Date & Time: Sep 6, 1999 at 1034 LT
Flight Type:
Postal (mail)
Kirkwall - Lerwick
Crew on board:
Crew fatalities:
Pax on board:
Pax fatalities:
Other fatalities:
Total fatalities:
Captain / Total flying hours:
Captain / Total hours on type:
The operating company were involved in a Royal Mail contract to deliver mail from Aberdeen to Shetland Islands each day. The crew involved in the accident had flown LN-PBB from Stauning Airport in Denmark to Aberdeen in preparation for a two week period of duty delivering the mail; they arrived at Aberdeen at 1700 hrs on 5 September 1999. The next morning, the crew arrived for duty at approximately 0540 hrs and completed their normal checks of LN-PBB. Shortly after this, the mail arrived and was escorted to the aircraft by the company ground crew. The mail bags were sorted and loaded into the aircraft by the flight and ground crew under the supervision of the commander; the mail had been weighed by Royal Mail and the commander was given written confirmation of the total weight of 1,196 kg. At the completion of the loading, the commander was satisfied that the load was secure and correctly distributed. Prior to departure for Sumburgh Airport, the commander had checked the weather and was aware that it was 'poor' at Sumburgh but the indications were that it would improve; additionally, the weather at Kirkwall Airport was clear if they needed to divert. The aircraft appeared fully serviceable during start, taxi and take off from Aberdeen at 0640 hrs; for the flight to Sumburgh, the commander was the handling pilot. Cruise was at Flight Level (FL)90and, about half way to Sumburgh, ATC advised the crew of the latest weather at Sumburgh which indicated that they would not be able to land there. However, there was a preceding aircraft heading for the same destination and the commander elected to continue towards Sumburgh. Then, once the preceding aircraft crew had declared that they were diverting to Aberdeen, the commander decided to divert to Kirkwall. The diversion was uneventful and the aircraft landed at 0807 hrs. At Kirkwall, the crew uplifted sufficient fuel to bring the total up to the same with which they had left Aberdeen (1,200lb) and waited for a weather improvement at Sumburgh. By approximately 0930hrs, the crew were advised by Kirkwall ATC that the weather had improved at Sumburgh and they prepared the aircraft for departure. Take off was at 0950 hrs with the co-pilot as handling pilot. Cruise was at FL 70 and was uneventful up to the approach and landing. The airport was using Runway 27 as that is the only runway with full ILS. The ATIS information at 1020 hrs was broadcasting the following information: surface wind 340°/07 kt; 9,000 metres in rain; cloud few at 300 feet, scattered at 1,000 feet and broken at 1,600 feet; temperature 12°, dew point 12°; tempo cloud broken 1,500 feet with a wet runway. In accordance with ATC instructions, the crew commenced their descent to 2,000 feet amsl where they were instructed to intercept the ILS from a heading of 300°. Once fully established on the ILS, the commander noted that the co-pilot was having a little difficulty maintaining the aircraft on both the localizer and glide slope. The co-pilot was not sure of the height at which they broke cloud but the commander estimated that they were at 500 feet agl. At this point, the co-pilot considered that they were slightly high and fast; subsequently, the commander estimated the aircraft airspeed as 140 kt as they became visual with the runway. During the final approach, the air traffic controller gave three separate wind reports of 010°/11 kt, 010°/11 kt and010°/10 kt; these reports were based on the two minute mean surface winds. As the aircraft crossed the runway threshold, the co-pilot called out that he had too much speed and that "it wasn't going to work". With no reply from the commander, the co-pilot took this lack of response as an indication that the commander was content. For his part, the commander was concentrating on the runway aspect and, although he heard a comment from the co-pilot, did not make any response. The crew considered that touchdown was approximately halfway down the runway and the co-pilot was aware of the aircraft bouncing before a second touchdown; neither pilot could recall the speed at touchdown. Both pilots applied full foot braking but with little apparent result in retardation. Then, as the aircraft approached the end of the runway, the commander took control and applied full power; this was because he was aware of the concrete blocks positioned off the end of the runway as a sea defence and wished to clear them. The aircraft was now yawed slightly left and positioned to the left of the runway centreline. It left the runway surface, travelled across grass and a public road and came to rest on the concrete blocks.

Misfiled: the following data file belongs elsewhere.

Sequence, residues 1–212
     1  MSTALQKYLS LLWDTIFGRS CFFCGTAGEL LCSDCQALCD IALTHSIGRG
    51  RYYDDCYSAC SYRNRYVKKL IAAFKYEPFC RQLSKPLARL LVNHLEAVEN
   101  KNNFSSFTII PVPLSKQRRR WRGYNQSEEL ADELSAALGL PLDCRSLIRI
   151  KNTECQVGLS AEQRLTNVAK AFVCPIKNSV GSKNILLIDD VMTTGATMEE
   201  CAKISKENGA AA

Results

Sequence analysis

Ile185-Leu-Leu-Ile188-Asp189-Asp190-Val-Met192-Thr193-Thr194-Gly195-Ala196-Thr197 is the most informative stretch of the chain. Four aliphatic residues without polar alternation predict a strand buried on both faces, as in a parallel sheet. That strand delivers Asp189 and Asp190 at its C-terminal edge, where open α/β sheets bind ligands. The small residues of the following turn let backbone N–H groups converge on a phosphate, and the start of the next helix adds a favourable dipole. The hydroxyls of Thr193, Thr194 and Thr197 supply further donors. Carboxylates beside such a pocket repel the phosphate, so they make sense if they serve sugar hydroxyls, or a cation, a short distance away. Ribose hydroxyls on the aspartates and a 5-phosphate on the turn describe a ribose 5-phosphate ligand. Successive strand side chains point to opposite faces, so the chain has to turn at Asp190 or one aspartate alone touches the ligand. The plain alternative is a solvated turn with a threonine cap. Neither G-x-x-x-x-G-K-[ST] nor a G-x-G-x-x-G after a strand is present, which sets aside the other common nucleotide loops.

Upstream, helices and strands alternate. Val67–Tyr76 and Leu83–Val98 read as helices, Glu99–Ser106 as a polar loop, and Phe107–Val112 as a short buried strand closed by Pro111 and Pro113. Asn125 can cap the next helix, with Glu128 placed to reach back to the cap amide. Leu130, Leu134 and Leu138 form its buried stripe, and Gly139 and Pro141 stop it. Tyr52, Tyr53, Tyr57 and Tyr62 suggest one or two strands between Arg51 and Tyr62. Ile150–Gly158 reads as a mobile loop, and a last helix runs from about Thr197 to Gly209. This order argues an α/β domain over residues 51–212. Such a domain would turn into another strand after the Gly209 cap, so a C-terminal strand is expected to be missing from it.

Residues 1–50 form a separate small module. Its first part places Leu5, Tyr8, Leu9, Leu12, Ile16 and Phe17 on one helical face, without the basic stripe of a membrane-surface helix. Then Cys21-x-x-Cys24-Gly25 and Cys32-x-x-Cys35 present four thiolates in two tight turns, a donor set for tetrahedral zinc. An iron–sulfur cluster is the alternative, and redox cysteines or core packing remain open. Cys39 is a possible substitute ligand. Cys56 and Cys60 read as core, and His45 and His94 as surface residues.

Probable cause:
The aircraft overran the end of Runway 27 at Sumburgh following a touchdown which was too fast and well down the runway. There was insufficient runway remaining for the aircraft to stop. The landing resulted from a poor approach and no apparent co-operation between the crew. A positive decision from the co-pilot, or better monitoring and an active input from the commander, should have resulted in a go-around and a further approach or a diversion. While this crew may be unusual, it would be appropriate for the operating company to review their procedures to ensure that their crews are operating in a safe manner. The investigation also reviewed the rules under which the flight was conducted. Examination of the weather information available to the crew indicate doubts as to whether the flight could have been completed within the limitations contained within company manuals. Additionally, Article 32A of the UK ANO is not clear; it could be interpreted as only prohibiting flights when the weather conditions are not met at all of the relevant aerodromes. It would be appropriate for the CAA to review the content of Article 32A to ensure that the intent is clear.
Final Report:
LN-PBB.pdf86.72 KB